By Zachary Gotthardt
SC Contributing Writer
On October 3, Dr. Aaron Haines of Millersville University presented his research on Wildlife Conservation and Law Enforcement.
In his presentation, Haines emphasized the importance of wildlife and explained recent troubles for rare species.
Wildlife forensics is a very critical field to wildlife maintenance. Haines attributes a great deal of the field’s local success to the Northeast Wildlife DNA Lab, located at the Innovation Center.
Haines explained the importance of ecosystem services. These include any services that the environment provides to us, either tangible or otherwise.
They can include food, protection from natural phenomenon, and recreation.
As an example, Haines referenced the reintroduction of wolves to Yellowstone National Park.
The park’s deer population was dangerously high, and the addition of the wolves helped to regulate it.
The deer were forced to change their normal behavior in response to new predators and moved to new areas.
Over time, vegetation levels returned to normal, strengthening the soil. Eventually, the rivers were stabilized and there was less erosion. Indirectly, wolves were able to change the rivers.
The wolves were ecosystem engineers. This kind of effect cannot be predicted.
In recent years, species conservation has been focused on remediation rather than prevention. That is to say, we
focus our efforts on helping declining populations rather than preventing their decline in the first place.
After a certain loss in numbers, species reach a point of no return. Haines attributes this inevitability to five factors. Three of these factors include inbreeding, disease, and natural disasters, all of which are particularly detrimental to small populations.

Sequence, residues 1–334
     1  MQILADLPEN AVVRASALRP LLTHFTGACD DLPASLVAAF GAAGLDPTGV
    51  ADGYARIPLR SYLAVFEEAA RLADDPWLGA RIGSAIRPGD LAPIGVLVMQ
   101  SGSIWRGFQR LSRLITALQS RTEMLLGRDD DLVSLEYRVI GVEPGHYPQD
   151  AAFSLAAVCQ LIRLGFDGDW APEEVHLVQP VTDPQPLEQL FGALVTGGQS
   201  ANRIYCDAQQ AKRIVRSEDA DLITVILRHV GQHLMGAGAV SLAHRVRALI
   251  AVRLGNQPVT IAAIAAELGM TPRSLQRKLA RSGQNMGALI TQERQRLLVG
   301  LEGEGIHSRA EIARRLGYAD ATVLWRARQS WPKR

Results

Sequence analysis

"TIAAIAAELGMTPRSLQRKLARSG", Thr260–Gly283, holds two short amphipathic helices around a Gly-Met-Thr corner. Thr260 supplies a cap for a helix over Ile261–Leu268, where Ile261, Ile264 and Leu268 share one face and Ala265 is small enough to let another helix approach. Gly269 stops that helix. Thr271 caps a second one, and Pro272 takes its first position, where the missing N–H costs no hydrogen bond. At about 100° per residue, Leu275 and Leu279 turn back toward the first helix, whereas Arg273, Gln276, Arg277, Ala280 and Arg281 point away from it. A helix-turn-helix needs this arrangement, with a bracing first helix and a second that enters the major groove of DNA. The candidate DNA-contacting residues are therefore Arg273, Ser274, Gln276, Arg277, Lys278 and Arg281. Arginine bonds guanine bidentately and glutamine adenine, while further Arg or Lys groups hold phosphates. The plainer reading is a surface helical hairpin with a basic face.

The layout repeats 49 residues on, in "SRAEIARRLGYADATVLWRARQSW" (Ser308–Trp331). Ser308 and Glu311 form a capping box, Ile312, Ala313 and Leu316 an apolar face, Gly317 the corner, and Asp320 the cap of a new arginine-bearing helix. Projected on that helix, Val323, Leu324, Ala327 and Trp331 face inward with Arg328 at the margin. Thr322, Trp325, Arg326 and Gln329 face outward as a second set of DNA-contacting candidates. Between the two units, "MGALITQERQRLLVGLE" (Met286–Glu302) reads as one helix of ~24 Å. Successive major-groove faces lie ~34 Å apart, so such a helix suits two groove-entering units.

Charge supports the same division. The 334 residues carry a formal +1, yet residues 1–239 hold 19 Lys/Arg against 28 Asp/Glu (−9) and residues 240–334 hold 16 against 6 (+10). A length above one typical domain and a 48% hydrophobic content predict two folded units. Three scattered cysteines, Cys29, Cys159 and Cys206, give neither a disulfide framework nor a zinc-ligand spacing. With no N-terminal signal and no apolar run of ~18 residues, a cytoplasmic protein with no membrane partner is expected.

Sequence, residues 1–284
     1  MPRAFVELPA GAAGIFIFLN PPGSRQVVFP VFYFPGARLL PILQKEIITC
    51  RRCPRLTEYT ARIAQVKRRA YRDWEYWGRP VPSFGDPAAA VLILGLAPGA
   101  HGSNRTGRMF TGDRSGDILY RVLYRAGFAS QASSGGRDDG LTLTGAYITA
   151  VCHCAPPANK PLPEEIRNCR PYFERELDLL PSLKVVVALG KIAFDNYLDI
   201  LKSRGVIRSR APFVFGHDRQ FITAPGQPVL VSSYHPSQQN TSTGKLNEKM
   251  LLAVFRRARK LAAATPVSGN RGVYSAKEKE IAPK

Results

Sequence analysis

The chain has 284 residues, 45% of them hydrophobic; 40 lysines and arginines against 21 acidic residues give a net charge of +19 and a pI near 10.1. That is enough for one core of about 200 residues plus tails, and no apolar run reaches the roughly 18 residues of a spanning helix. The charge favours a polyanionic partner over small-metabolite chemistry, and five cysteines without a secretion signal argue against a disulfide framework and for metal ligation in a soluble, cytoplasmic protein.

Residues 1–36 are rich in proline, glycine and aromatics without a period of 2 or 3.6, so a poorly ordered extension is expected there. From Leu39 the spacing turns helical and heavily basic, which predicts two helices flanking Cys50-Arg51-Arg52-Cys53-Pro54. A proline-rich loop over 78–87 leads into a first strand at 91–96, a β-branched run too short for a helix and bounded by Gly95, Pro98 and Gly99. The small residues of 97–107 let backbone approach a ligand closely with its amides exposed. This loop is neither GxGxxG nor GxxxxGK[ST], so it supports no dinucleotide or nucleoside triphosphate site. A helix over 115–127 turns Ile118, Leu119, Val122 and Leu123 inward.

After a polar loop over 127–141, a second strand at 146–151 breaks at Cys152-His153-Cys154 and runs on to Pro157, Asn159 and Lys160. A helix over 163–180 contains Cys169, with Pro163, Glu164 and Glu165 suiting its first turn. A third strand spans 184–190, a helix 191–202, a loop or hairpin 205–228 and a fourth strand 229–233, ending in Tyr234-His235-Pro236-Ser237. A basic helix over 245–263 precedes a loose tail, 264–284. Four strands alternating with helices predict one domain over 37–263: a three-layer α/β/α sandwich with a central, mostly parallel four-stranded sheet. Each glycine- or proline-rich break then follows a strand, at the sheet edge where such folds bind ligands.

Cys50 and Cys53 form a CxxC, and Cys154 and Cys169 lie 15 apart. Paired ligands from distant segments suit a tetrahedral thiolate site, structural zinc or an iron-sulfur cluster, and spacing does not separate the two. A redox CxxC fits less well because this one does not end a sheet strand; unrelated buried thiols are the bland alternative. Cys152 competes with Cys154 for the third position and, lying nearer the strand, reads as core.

Another factor is known as the allee effect, where organisms cannot find mates because populations have dwindled.
The final factor, according to Haines, is demographics. As an example, a small population that produces only males for one year will fail to reproduce in the future.
Humans may initiate the decline. Human activity results in habitat loss, invasive species, and pollution. Haines focused his presentation on what he called “one of the most insidious factors pushing species to extinction:” poaching.
Poaching tends to increase on smaller populations that have become rarer, such as the African Elephant and the White Rhino.
Poaching can include isolated individual cases. However, the profitability of poaching has attracted the attention of organized crime and militant terror groups in many developing nations around the world.
“Every year, 100 wildlife rangers lose their lives,” said Haines as he emphasized the danger and nature of these groups.
Despite this, punishment for poaching in developing countries is often minimal. There are groups, such as Green Criminology, who are working with governments around the world to increase the punishment for poaching.
Haines was particularly adamant about the need for action.
According to Haines, for many species it is “too late to wait for social change.”
Poaching is not only a problem in developing nations, but in the United States as well.
“The largest elk in Pennsylvania was just poached,” Haines commented.
Haines suggested collaboration between social science and law enforcement. In recent years, there has been an increase in poaching, while the research on it has decreased.
In addition, there has been less connection between law enforcement and researchers.
Haines and his undergraduate students have dedicated their research to finding new methods to catch poachers in Pennsylvania. They have combined years of data on poaching and have discovered trends.
For example, most poaching incidents occur near roads within valleys. This information allows law enforcement to spend their time more efficiently to catch poachers.
Haines’ students have also developed methods for testing soil for illegal use of bait and urine-based lures.
According to Haines, it is not too late. Collaboration can save wildlife if we focus our combined efforts wisely.
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